Nowadays, they have performed together on stages around the world, including ambitious programs Fisch conducted with both Zukerman and Forsyth with the West Australia Symphony Orchestra, where Fisch, widely acclaimed for his expertise in both the symphonic and opera worlds, recently renewed his contract as principal conductor and artistic advisor through 2023.
Dedicated to championing the music of contemporary composers, Fisch has featured Dorman’s work in many performances, including “Astrolatory,” in January, 2015, at Symphony Hall, as part of the conductor’s BSO subscription series debut. While Dorman said it was inspired by the vast skies of his rural Pennsylvania home, Fisch said he hears the Israeli Negev.
Having the trio of Israeli musicians share a spotlight, as they will at Tanglewood, is unusual, Fisch observed.
“It happens sometimes, not very often,” said Fisch, who served for a decade as music director of the New Israeli Opera. “It’s good for Israel that we perform together in Tanglewood.” (The BSO also boasts Israeli cellist Mickey Katz.)
During rehearsals at Adelaide, Dorman said he and Zukerman easily fell into Hebrew.
“You feel like you’re back in Israel, at the shuk,” he said, referring to the country’s homegrown open-air markets.
While the fact that Fisch and Dorman are Israeli may be a coincidence, Zukerman observed, there is good reason to be proud of the accomplishments of their native country’s classical musicians who have been nurtured by Israel’s tradition of cultural curiosity.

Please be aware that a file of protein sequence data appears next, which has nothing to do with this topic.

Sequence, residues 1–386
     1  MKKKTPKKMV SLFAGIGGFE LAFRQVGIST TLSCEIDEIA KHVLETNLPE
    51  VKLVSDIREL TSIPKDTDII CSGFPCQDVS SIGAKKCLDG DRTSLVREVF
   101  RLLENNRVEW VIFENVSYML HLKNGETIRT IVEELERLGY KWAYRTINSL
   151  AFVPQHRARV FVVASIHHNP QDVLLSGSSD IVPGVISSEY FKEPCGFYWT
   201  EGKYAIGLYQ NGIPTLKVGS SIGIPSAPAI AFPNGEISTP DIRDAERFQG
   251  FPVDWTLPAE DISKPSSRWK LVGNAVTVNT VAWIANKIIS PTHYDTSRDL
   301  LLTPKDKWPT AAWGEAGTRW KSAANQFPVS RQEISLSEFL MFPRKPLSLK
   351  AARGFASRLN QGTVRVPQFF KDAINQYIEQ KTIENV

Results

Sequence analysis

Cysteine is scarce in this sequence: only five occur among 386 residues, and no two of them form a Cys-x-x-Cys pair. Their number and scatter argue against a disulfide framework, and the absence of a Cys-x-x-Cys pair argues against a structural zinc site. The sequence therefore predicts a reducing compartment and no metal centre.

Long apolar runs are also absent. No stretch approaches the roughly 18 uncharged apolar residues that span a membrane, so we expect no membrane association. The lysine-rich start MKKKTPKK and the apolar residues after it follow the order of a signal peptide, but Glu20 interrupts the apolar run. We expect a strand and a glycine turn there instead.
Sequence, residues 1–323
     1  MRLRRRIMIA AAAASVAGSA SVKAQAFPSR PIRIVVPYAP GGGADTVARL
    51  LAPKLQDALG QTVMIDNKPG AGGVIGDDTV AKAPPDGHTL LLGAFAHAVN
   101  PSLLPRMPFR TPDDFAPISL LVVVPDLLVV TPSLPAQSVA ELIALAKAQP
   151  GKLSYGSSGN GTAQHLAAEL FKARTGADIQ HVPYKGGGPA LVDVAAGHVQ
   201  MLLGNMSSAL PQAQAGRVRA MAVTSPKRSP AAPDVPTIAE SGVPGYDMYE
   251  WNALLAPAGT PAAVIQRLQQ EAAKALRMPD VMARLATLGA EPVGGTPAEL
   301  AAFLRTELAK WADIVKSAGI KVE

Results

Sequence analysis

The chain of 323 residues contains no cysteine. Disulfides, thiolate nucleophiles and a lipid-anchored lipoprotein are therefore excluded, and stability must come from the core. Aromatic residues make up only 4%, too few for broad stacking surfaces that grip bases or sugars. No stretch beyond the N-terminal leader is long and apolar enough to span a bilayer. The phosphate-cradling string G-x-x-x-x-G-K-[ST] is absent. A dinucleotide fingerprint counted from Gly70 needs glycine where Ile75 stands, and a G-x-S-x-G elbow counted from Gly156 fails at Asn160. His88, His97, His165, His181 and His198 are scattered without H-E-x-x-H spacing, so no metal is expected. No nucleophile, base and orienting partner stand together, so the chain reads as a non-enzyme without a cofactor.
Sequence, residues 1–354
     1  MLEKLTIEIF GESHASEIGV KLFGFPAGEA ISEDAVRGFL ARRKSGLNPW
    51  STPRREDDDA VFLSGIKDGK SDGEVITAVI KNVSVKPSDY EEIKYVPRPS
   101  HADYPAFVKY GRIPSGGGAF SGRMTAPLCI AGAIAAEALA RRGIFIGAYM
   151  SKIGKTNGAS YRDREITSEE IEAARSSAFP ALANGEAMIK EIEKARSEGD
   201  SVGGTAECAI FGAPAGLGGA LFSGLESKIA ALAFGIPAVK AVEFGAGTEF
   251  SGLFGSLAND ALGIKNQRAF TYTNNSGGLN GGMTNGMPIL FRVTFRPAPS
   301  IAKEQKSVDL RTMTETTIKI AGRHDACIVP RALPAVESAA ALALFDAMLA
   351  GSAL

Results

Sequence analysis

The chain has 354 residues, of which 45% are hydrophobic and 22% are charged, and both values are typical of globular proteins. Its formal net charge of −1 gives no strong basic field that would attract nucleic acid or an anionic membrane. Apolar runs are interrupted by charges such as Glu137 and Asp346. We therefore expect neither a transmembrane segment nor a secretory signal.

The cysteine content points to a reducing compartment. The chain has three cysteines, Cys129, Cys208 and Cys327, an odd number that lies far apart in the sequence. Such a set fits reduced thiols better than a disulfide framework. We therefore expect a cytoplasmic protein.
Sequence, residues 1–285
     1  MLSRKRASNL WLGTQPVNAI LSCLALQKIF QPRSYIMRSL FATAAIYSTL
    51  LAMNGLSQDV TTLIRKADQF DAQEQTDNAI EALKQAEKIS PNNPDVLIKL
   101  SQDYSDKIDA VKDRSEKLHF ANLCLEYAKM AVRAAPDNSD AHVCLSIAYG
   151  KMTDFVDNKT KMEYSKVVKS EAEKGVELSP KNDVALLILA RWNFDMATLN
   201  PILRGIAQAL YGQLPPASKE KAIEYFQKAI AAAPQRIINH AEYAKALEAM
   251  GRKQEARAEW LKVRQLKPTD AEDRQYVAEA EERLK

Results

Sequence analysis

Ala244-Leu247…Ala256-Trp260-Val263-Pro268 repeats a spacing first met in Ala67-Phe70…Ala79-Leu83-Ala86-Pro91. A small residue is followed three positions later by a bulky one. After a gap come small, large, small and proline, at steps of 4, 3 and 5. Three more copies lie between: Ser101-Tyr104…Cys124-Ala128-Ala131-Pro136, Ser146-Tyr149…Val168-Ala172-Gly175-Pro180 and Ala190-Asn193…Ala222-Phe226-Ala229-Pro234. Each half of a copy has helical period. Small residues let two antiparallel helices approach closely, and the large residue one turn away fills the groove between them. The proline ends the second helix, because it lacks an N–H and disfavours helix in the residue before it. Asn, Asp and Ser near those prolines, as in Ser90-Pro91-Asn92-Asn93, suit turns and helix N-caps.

The three do share memorable firsts at Tanglewood, each revealed.
For Zukerman, that moment came 50 years ago, on Sunday afternoon, July 20, 1969, when the then 20-year-old violinist debuted in his first solo performance at Tanglewood on the day of the Apollo 11 moon landing.
“I felt like I landed on the moon,” Zukerman vividly recalled all these decades later.
Fisch made his debut there in 2012, during Tanglewood’s 75th anniversary when he was invited to recreate a historic all-Wagner program originally conducted by Serge Koussevitzky in 1937, during the early years of Tanglewood.
Dorman’s first exposure to Tanglewood was in 2002, as a composing fellow, a summer that immersed him in the wider professional music world outside the borders of Israel, where he was already becoming well established.
“It was feeling, wow. Suddenly, I was engaged with such talented people from all over the world,” Dorman recalled.
Conversation between a musical couple
The concerto opens with the violin, capturing Zukerman’s unique tone and expression, a sound Dorman described as “irreplaceable.”
Over the next 25 minutes, the two instruments take off in a dazzling, energetic journey.
According to Forsyth, the piece is “a conversation between violin and cello.” Forsyth appreciates that Dorman is musically bold, while also remaining playful. The score reflects the fact that the soloists are a married couple, she said.
At times, “It’s like an argument,” Forsyth said with an easy laugh. “I’m breaking out and going a little wild,” she said of her cello challenging Zukerman’s more classical sound.
“But then, we come back together,” she said.
Dorman hoped to capture that relationship, like characters in a novel, he said. He’s eager to hear the interpretative powers Fisch will bring to the BSO’s Tanglewood performance, and has benefited in the past from Fisch’s mastery at fine tuning an orchestra’s playing in a way that realizes his vision as a composer, Dorman said.
Following Tanglewood and the Canadian premiere, the double concerto is scheduled for the Israel Philharmonic in April 2020.
Zukerman and Forsyth hope that after introducing Dorman’s double concerto through their first three or four performances, that the work will enter the regular repertoire of other performers.
“It is really for everyone,” Zukerman said.